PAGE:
Diana EvansDiana Evans came nest with Ordinary People, a novel about black British middle class people from the day Obama was elected to the death of Michael Jackson in the same year. Themes like parenthood and middle age are touched on as is, of course, race, which she made clear was “not just a black person’s problem. Again there’s some good turns of phrase like the description of "Obama walking out victorious on to the bulletproof stage".  I love fact as well that the book has a playlist.

Andrew MacMillanPoetry is a notoriously hard sell but Andrew McMillan, now based in Manchester, gives it his best shot. Like his previous book, Physical is very graphic and eyewateringly personal, with lightning-quick turns of phrase that shock almost as much as the meteorological phenomenon itself. It’s about a homosexual adolescence but is basically also about awkwardness and the pains of growing up generally.

Christie WatsonThe next speaker grabbed the attention of everyone from the start. The story of a child dying in your arms from burns and the smell of her hair as it is washed is going  to stay with me for a long time. Such is the work of Christie Watson, whose book “The Language of Kindness: A Nurse's Story is, for my money, going to be – or damn well should be – the bestselling book here.  She’s a nurse in the NHS and talks about kindness as well as life and death. She is an absolutely riveting speaker and can move  from gruesome morbidity to humour in a minute. I think the time has come for this as it’s not misery fiction – it’s kindness non-fiction – and from a nurse, not a doctor or a midwife. I did video snaps of the other authors but I forgot to do it with Christie, she was that good.  There was a 14-way auction for the rights to this book and I can see why.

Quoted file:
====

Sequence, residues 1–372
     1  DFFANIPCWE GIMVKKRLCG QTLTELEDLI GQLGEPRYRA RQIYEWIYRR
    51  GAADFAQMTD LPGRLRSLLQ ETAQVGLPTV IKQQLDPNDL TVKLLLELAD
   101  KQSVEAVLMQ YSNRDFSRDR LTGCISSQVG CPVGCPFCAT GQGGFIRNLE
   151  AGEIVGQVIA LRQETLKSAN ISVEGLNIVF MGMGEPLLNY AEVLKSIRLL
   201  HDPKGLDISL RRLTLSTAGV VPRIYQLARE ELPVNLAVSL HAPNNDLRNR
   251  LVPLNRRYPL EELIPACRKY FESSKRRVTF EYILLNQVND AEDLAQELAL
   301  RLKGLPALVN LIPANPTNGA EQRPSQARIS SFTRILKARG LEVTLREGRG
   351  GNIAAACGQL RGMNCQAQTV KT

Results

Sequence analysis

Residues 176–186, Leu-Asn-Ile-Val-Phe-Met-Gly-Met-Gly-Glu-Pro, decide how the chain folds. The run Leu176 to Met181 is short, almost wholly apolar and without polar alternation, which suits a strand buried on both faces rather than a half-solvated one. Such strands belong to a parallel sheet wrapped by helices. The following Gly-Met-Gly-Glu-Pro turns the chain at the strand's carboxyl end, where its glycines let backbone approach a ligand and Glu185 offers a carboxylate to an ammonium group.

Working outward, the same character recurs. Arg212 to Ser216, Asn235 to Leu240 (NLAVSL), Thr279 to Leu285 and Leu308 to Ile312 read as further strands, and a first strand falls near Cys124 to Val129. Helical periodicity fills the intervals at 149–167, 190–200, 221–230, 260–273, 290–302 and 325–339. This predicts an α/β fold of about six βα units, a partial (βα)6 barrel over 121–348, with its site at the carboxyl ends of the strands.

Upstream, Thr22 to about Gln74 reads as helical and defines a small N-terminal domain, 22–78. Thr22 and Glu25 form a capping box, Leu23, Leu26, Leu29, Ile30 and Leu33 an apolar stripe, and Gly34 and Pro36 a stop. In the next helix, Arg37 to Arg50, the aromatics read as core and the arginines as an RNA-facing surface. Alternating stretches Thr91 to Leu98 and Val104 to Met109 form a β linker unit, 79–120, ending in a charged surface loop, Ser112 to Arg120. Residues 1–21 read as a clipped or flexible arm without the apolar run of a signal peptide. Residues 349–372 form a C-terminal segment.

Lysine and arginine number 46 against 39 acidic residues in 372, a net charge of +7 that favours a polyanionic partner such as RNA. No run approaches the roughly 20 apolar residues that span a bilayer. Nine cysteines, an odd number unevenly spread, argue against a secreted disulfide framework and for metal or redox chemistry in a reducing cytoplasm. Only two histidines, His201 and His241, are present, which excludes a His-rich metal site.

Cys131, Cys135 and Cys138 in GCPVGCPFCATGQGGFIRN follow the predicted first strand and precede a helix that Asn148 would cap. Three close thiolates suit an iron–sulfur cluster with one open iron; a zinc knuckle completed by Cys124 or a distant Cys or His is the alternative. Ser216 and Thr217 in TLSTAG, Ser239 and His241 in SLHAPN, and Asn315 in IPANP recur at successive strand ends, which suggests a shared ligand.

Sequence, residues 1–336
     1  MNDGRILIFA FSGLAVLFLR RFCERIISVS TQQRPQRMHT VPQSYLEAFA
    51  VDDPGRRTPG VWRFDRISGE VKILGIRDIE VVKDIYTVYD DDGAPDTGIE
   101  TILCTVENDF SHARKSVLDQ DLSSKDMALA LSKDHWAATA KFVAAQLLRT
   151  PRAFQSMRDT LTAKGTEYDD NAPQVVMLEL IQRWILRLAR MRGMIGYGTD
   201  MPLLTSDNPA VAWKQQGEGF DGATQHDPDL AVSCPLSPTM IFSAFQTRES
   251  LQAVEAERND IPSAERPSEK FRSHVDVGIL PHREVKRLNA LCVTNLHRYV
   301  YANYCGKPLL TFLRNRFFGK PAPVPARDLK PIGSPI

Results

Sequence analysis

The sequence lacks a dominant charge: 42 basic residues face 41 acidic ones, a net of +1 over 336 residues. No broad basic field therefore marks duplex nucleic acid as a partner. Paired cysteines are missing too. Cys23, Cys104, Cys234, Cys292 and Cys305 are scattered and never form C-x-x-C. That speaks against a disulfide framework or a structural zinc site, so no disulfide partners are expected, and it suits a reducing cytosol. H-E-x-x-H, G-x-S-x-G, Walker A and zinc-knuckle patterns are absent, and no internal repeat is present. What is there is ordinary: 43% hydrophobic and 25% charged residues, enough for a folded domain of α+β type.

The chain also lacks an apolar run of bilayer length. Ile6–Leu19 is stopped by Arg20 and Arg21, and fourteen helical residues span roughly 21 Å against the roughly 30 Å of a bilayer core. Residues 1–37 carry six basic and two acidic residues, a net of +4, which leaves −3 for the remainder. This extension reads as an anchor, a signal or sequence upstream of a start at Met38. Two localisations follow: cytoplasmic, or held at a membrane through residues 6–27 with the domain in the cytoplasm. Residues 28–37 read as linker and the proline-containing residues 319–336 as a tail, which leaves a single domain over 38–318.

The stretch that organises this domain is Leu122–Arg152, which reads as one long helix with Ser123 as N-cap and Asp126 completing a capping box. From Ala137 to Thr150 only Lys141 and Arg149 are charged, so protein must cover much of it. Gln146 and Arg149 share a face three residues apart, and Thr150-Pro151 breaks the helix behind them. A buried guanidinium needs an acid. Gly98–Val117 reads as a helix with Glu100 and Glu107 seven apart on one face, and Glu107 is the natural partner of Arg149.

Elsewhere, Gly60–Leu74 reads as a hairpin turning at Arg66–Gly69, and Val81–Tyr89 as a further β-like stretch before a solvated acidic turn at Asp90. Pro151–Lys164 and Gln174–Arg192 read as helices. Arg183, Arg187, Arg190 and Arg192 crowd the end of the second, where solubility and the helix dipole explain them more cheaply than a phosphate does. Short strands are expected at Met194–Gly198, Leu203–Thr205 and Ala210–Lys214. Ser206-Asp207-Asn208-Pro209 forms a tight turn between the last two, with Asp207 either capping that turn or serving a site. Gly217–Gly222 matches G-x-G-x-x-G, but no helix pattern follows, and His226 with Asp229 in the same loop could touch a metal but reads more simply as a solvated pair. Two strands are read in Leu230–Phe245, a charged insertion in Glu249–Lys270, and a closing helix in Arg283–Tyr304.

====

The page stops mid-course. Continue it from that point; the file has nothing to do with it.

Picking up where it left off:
Abir MukherjeeAh, but then we had the infinitely likeable Abir Mukherjee –whose “Smoke and Ashes” is the third in a detective series based in 1920s India. It’s a good backdrop for thrillers and he does it well, with the latest being about the shameful medical tests done on Indian troops at the time, mixed in with preparations for the arrival of Prince Edward (the future Edward VIII) in Calcutta. I’ve not come across his work before but I’m going to jolly well read some now.

Abir then proved very popular in the next stage of the evening, which was a social get-together with the authors, although poor Irvine Welsh – who I suspect was too famous to be socially talked to – had to stand around for a bit while people just came up to him to autograph his new book. Oooh, did I mention there were piles of free copies of the books to just pick up? That’s rather good isn’t it? Or it would have been if I had not been so intent on speaking to people I forgot to get them until it was too late. Such are the problems of such a good evening. Here’s looking forward to the next one.